On Monday, August 21 the sun, moon and Earth will line up in an act of cosmic serendipity that will turn day into night across the 2,680-mile width of the United States.
It will be the first time that has happened in nearly a century, and never will a total solar eclipse be so heavily viewed and studied.
From Oregon in the west, to South Carolina in the east, there will be festivals and flamboyant eclipse viewing parties. And of course, traffic gridlock, an social media explosion, and general chaos
As one astronomer put it: “This will be the most photographed, most shared, most tweeted event in human history.”
How unusual an event is this?
Full solar eclipses, when the moon positions itself smack between the sun and the Earth, happen every few years but often in remote areas or over the ocean.
This will be the first total solar eclipse in 99 years to cross the US coast-to-coast, and the first to pass through any part of the lower 48 states in 38 years.
What creates a total solar eclipse
Where is it happening?
The path of totality – where the light of the sun is completely blocked out by the moon – is 70 miles wide and stretches from Lincoln City, Oregon, to Charleston, South Carolina, passing through 14 states and 21 National Parks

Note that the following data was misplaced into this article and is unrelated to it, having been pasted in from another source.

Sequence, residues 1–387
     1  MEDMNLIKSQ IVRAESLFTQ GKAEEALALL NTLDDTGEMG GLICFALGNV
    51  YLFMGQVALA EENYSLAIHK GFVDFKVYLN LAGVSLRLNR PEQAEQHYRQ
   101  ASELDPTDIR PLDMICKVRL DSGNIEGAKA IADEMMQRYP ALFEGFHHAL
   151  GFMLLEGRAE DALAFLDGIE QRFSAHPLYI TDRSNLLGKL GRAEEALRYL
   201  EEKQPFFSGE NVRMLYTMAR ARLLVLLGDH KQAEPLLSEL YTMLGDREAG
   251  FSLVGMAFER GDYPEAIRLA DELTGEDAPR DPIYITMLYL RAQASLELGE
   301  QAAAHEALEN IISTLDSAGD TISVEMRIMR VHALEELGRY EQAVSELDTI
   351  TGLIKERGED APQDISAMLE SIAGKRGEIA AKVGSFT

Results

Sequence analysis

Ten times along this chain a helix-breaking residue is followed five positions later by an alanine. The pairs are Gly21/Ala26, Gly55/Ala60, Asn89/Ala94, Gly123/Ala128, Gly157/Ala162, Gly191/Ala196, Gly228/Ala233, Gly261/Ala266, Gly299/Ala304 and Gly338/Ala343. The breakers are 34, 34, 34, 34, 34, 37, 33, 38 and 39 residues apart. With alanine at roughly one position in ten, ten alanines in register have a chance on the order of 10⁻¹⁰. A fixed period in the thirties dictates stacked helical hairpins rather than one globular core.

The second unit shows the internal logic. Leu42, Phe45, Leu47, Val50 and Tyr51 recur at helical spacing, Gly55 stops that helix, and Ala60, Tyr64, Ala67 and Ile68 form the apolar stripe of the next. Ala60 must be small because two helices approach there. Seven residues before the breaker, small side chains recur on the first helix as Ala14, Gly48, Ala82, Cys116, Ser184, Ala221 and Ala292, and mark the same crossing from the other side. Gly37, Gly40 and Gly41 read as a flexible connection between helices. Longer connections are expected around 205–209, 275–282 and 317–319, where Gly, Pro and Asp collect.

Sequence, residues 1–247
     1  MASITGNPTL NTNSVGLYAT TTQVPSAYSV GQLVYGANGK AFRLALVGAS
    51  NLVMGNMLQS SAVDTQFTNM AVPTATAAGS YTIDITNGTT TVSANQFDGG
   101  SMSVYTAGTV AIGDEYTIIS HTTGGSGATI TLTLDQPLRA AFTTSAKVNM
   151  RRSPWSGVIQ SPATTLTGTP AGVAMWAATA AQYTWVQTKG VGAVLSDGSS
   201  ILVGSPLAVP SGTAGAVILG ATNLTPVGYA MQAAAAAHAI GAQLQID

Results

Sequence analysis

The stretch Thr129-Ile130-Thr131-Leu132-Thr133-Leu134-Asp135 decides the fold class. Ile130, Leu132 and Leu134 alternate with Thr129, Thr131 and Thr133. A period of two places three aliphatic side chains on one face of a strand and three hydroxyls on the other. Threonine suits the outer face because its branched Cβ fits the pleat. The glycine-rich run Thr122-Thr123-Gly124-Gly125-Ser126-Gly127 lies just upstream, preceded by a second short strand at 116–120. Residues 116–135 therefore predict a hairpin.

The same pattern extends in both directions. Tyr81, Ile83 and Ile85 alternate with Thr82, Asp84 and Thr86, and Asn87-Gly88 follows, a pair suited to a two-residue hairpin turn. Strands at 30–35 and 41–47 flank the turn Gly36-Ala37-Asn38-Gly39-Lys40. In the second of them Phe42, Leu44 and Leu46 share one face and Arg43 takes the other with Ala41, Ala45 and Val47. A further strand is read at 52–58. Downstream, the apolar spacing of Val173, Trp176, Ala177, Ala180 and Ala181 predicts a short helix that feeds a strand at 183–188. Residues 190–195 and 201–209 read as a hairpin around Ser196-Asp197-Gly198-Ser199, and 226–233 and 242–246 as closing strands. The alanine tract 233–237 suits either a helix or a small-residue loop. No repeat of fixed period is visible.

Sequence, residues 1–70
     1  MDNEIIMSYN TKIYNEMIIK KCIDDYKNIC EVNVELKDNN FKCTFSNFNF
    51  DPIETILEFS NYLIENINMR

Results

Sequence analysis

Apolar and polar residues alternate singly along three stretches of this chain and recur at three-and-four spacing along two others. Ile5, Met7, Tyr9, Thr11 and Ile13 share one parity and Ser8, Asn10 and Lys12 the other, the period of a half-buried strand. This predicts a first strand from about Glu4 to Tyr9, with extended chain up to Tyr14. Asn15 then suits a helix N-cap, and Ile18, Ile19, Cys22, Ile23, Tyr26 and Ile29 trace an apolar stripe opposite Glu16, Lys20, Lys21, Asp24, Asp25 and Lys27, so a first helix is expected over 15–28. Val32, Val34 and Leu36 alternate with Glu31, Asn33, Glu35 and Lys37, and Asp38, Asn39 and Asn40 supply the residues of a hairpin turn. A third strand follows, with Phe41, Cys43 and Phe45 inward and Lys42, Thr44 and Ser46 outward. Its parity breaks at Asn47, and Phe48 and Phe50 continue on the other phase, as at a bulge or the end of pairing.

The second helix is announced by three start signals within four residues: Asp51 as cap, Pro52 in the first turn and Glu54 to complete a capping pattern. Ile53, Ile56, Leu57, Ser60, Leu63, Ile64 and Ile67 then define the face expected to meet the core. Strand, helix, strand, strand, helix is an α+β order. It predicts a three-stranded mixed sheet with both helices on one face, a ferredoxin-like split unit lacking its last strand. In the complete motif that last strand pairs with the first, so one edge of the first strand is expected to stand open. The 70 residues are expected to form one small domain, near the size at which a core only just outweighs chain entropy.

The total eclipse will last about 90 minutes as the lunar shadow sweeps across America at more than 1,500 mph beginning about 10.15 am west coast time. On the east coast it will end at 2.49 pm east coast time.
Where and when to see the eclipse
Eclipse Fests, StarFests, SolarFests, SolFests, Darkening of the SunFests, MoonshadowFests, EclipseCons, Eclipse Encounters and Star Parties are planned along the path of totality.
Vineyards, breweries, museums, parks, universities, stadiums, just about everybody is getting into the act.
Where to see it | The Great American solar eclipse
What if you’re not in the US?
Don’t worry, Nasa will be broadcasting the whole thing on the internet and TV.
Astronauts aboard the International Space Station will beam back…